And every time you make a homerun, honor that, hone that. And iterate. And while you are at it, aim for greatness. Aim for excellence. Make it the best, make it count.
If you´re a company, keep it small and contained and cheap and make products. If you´re a writer, retreat to an inexpensive beach and write. If you´re a casanova, go work in a bar. If you´re a business person, make inexpensive deals and grow steadily. Or get jobs were you get paid to learn. And do you best on every step and play like there are no consequences, because there arent.
Then compile your best moves and share them with the world.
When you operate like this homeruns are not the goal. They are an inevitable part of the process.
And last. Most of the stories out there are the nurturing kind. Someone had a kid and decided to make them a star. Some company needed a product and grabbed someone and created a sandbox around them. Some movement needed a leader and some circle needed a villain. And they contain their mistakes and maximize their achievements or viceversa, to make you believe. If you dont know already, that’s how business are made.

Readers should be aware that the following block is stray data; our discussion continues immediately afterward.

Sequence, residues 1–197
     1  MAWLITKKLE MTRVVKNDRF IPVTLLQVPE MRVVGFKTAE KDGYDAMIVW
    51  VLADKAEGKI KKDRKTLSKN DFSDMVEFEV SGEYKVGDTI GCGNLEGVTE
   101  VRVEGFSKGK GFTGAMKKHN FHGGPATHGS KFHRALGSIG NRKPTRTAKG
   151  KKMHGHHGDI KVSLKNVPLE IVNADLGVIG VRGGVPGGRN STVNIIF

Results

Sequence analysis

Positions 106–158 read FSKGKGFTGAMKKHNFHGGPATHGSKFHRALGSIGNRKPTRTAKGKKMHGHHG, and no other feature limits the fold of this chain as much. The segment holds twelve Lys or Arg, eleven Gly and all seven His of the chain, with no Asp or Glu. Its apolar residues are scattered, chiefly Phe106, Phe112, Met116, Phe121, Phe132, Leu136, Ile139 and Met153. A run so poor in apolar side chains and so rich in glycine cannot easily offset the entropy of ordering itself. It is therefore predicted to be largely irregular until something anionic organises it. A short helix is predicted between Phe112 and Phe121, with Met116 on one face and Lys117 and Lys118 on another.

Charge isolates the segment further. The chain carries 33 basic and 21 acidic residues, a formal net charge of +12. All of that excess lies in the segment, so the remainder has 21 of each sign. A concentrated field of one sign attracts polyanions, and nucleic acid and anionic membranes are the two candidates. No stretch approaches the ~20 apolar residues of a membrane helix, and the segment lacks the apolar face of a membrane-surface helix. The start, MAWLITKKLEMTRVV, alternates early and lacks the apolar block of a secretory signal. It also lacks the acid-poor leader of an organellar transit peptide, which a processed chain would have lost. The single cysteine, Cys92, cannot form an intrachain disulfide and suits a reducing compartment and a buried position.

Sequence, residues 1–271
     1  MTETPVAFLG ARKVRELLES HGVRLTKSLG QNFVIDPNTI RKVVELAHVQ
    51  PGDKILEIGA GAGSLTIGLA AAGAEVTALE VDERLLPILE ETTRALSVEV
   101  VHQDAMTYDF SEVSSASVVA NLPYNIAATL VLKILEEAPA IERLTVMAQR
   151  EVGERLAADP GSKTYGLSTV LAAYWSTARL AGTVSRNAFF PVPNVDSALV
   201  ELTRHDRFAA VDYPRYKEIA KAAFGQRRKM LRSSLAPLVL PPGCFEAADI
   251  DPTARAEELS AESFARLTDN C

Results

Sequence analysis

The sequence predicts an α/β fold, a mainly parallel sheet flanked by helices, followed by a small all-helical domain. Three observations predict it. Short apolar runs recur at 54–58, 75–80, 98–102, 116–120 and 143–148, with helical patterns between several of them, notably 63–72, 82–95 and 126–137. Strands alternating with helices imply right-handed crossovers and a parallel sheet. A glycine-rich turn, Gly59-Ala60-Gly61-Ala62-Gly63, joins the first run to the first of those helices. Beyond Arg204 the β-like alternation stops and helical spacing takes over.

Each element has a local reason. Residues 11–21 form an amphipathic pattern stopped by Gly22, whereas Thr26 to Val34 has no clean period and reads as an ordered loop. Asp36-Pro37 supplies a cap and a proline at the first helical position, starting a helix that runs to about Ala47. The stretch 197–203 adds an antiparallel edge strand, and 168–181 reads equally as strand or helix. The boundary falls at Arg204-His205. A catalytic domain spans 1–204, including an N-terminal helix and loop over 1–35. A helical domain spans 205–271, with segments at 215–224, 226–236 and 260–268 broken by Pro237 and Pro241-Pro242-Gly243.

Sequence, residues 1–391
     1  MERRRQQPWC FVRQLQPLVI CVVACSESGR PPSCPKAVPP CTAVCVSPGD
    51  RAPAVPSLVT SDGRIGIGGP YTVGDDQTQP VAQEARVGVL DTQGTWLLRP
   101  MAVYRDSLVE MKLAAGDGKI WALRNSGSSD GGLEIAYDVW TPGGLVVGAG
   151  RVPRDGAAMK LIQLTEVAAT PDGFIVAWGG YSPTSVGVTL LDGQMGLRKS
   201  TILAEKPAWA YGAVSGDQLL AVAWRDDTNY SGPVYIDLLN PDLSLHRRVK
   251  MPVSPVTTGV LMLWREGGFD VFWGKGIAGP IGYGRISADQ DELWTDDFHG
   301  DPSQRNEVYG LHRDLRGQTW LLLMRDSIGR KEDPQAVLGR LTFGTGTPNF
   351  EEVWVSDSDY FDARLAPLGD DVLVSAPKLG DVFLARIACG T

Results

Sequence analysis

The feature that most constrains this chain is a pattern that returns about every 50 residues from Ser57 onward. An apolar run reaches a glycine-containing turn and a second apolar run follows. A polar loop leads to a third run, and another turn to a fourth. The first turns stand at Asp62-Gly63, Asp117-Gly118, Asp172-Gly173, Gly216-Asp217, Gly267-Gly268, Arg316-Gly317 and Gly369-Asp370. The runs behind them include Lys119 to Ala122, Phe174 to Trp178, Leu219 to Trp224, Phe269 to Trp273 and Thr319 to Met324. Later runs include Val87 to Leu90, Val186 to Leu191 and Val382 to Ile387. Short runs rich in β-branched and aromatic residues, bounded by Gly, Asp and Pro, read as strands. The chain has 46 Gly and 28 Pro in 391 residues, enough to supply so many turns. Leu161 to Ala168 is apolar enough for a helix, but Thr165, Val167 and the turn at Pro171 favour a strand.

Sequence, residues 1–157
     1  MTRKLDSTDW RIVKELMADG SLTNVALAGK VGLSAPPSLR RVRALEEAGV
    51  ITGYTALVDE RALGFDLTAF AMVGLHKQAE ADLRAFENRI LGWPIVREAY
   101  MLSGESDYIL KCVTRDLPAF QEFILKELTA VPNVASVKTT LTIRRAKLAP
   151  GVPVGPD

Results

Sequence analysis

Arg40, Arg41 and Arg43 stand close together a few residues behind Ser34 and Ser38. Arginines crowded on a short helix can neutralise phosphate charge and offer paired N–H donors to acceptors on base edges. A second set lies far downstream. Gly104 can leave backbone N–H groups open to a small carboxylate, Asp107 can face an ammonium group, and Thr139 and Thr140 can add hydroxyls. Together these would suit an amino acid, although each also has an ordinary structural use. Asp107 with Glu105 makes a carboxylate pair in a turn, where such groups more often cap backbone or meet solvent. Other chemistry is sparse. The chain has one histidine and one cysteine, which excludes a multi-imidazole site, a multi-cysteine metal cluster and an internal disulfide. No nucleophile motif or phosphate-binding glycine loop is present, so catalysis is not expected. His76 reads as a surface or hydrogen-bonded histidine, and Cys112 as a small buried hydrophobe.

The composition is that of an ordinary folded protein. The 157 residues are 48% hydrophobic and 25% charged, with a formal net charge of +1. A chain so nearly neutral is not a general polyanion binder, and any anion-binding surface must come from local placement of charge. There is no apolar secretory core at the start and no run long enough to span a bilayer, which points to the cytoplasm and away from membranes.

Making it big means achieving homeruns. And your top 10 game is all people care about. When you make it big, due to their belief, most people are going to assume that it was easy for you, that you got lucky, that you’re a natural, that you were just borned with it.
And in a way, they will be right.